Long-awaited projects highlight Citrus County’s top political stories of 2023

491 groundbreaking
'This one-two punch enabled us to suddenly make significant progress.'

Citrus County’s theme for 2023: Better late than never.

Commissioners started several projects that have long been discussed, delayed and debated — an animal shelter, an airport business park, widening of a major thoroughfare. All are top priorities that have slipped through the cracks in recent years.

Commissioners also passed a property tax increase with promises that in 2024, they’ll consider alternatives to lower taxes while transferring the revenue stream to special fees.

Commissioner Holly Davis, who became the Board Chair in November, attributed the uptick in projects to approving the county’s first strategic plan and hiring Steve Howard as Administrator.

This one-two punch enabled us to suddenly make significant progress on long-talked-about projects such as a new animal shelter, CR491 widening, and the Inverness Airport business park,” she said.

“Each of these, plus many other smaller accomplishments outlined in the strategic plan, will allow us to confidently manage and shape the growth that we long knew was coming but for which we were largely unprepared. The only disappointment is that even with the foot on the gas, many of these projects are going to take time not only to complete but even more to realize the positive effects, especially economic, but see them we will!”

Commissioner Rebecca Bays said Howard and the Board created a “culture of getting things done.”

Commissioner Jeff Kinnard pointed to another kickoff success: Agreement with LifeStream Behavioral Center for a mental health and addiction campus in Lecanto, long a priority of Citrus County community leaders.

“Mental health and substance abuse issues are on the rise, and this campus will serve the increasing needs of both acute/critical treatment and long-term therapeutic solutions,” Kinnard said.

Here’s a rundown on some of Citrus County’s 2023 highlights:

— An innocuous neighborhood known as Inverness Villages 4 rose to prominence, not in a good way.

Residents there battle unpaved streets and no drainage. Someone posted a video of a UPS truck sinking in the street during a rainstorm.

The roads are publicly owned but not publicly maintained. Davis has spearheaded attempts to find a solution, though the county’s proposal for a special assessment district estimated the cost per lot owner at $109,000.

Commissioners placed a moratorium on new building permits to save potential drainage lots from development.

The issue is a standstill. The Department of Environmental Protection is suing the building contractor and associated businesses for constructing homes without permits and discharging stormwater into nearby wetlands.

— Commissioners dedicated a site on County Road 491 for a new animal shelter, estimated to cost between $9 million and $12 million. Once built, it will replace an aged and crowded animal shelter near the Inverness Airport.

— The Inverness Airport Business Park, an economic development goal for the past 20 years, is under construction with grants for roads and other infrastructure.

— After years of unexplained delays under a prior administration, the county broke ground on widening a 1.9-mile section of C.R. 491 in Lecanto. The construction will take two years to complete.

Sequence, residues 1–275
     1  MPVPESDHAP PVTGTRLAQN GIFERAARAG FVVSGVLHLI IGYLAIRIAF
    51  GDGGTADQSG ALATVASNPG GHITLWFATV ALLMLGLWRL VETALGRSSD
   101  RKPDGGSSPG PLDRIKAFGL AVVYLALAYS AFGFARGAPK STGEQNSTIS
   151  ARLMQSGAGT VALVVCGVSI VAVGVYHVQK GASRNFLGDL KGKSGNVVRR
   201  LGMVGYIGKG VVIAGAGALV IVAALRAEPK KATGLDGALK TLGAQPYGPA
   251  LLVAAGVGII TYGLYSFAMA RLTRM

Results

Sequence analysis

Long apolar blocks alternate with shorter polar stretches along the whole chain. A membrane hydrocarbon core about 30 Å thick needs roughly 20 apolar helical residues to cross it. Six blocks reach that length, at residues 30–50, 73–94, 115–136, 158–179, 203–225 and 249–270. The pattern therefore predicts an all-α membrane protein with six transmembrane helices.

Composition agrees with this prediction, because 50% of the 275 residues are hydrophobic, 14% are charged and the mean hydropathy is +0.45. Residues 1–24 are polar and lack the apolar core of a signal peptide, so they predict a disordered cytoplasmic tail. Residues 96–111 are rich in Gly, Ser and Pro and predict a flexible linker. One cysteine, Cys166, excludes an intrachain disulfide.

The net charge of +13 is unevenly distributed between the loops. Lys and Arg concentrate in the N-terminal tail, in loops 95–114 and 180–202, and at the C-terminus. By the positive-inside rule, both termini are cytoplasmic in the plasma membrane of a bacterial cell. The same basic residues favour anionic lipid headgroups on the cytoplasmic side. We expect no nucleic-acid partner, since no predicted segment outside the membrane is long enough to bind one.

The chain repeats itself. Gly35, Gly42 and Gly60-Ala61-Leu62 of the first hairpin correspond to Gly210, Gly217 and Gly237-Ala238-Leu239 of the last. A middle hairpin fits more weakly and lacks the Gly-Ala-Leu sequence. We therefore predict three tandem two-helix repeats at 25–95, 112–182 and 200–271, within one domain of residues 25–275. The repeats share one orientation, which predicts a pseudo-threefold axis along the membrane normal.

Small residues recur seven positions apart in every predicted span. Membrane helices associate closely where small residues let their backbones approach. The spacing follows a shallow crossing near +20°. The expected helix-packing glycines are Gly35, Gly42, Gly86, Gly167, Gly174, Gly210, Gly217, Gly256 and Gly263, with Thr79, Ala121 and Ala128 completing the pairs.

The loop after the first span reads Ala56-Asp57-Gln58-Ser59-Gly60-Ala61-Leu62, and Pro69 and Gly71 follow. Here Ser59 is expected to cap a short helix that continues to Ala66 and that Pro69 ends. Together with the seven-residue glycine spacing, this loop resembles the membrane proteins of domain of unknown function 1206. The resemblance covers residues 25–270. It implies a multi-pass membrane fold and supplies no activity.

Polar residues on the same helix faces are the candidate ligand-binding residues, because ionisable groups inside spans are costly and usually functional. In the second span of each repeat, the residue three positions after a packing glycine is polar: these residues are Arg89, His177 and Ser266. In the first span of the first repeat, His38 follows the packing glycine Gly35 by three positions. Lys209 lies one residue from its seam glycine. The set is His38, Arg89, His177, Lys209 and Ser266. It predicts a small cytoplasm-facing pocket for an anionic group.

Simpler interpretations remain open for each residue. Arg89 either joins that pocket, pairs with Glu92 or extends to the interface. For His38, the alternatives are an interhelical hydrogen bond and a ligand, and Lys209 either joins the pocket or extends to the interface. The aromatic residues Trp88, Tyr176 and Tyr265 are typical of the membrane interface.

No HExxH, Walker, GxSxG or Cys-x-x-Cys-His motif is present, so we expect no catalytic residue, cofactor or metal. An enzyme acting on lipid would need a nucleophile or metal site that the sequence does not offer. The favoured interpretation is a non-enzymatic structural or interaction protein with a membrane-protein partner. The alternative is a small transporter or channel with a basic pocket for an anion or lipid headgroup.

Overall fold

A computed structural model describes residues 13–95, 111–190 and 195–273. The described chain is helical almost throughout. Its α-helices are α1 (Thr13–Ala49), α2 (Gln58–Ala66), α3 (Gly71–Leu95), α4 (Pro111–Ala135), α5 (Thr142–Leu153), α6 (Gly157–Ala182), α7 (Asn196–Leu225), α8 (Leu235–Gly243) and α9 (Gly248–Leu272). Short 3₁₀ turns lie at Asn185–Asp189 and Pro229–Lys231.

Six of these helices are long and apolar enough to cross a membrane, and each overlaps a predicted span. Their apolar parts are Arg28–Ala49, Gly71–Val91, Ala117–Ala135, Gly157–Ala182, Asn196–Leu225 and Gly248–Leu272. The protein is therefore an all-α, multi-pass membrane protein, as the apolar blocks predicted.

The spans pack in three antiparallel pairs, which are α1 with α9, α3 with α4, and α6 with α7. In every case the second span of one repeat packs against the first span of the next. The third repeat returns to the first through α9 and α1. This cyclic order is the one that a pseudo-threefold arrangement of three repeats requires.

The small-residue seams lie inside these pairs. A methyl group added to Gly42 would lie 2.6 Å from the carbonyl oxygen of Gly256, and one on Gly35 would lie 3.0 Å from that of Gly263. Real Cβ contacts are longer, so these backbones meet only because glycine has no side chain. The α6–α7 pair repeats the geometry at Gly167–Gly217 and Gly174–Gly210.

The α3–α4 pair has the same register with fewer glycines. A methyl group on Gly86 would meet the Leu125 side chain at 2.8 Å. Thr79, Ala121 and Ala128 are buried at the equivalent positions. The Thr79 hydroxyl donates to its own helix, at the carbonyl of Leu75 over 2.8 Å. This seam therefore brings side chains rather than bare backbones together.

— Another major road project in the works: Widening U.S. 41 in Inverness, discussed for over 30 years, is underway. That’s another two years for a mile of construction.

— The Suncoast Parkway, which opened to State Road 44 in 2022, is well under construction for the next section to C.R. 486. The state has greenlighted the parkway extension clearly to U.S. 19 north of Crystal River.

— Hurricane Idalia caused widespread flooding and damage to the coastal communities of Crystal River, Homosassa and Ozello. Crystal River City Hall was damaged to the extent that it hasn’t reopened and likely will not. The city temporarily uses the Citrus County Chamber of Commerce Visitor Center space.

—County Commissioners approved a property tax increase, including a $3 million bump for resurfacing residential roads. While residents support neighborhood street repaving, they weren’t happy with the tax hike.

Commissioners, led by Bays, emphasize the need for tax reform as a top 2024 priority.

Kinnard opposed the tax increase, saying the county should continue to keep taxes low.

“There’s no disputing our county is growing,” he said. “That growth should pay for itself, meaning an organic growth in the size, expense, of government and emergency services personnel.”

Jesse Rumson, a Lecanto man infamously known as “sedition pandarelated to the Jan. 6, 2021, attack on the U.S. Capitol, filed to run for Citrus County Commission. Citrus County Republican leaders aligned with former President Donald Trump urged him to run.

Mike Wright

Mike Wright is a former reporter with the Citrus County Chronicle, where he had covered county government and politics since 1987. Mike's skills as an investigative reporter earned him first-place awards in investigative writing. Mike also helped the Chronicle win the Frances Devore Award for Public Service in 2002.

One comment

  • Sonja Fitch

    December 27, 2023 at 5:06 am

    Wonderful! Recovery and rebuild and add new infrastructure! Go for it Citrus County! Continue for the COMMON GOOD! Use the dollars wisely! Yahoooo!

Comments are closed.


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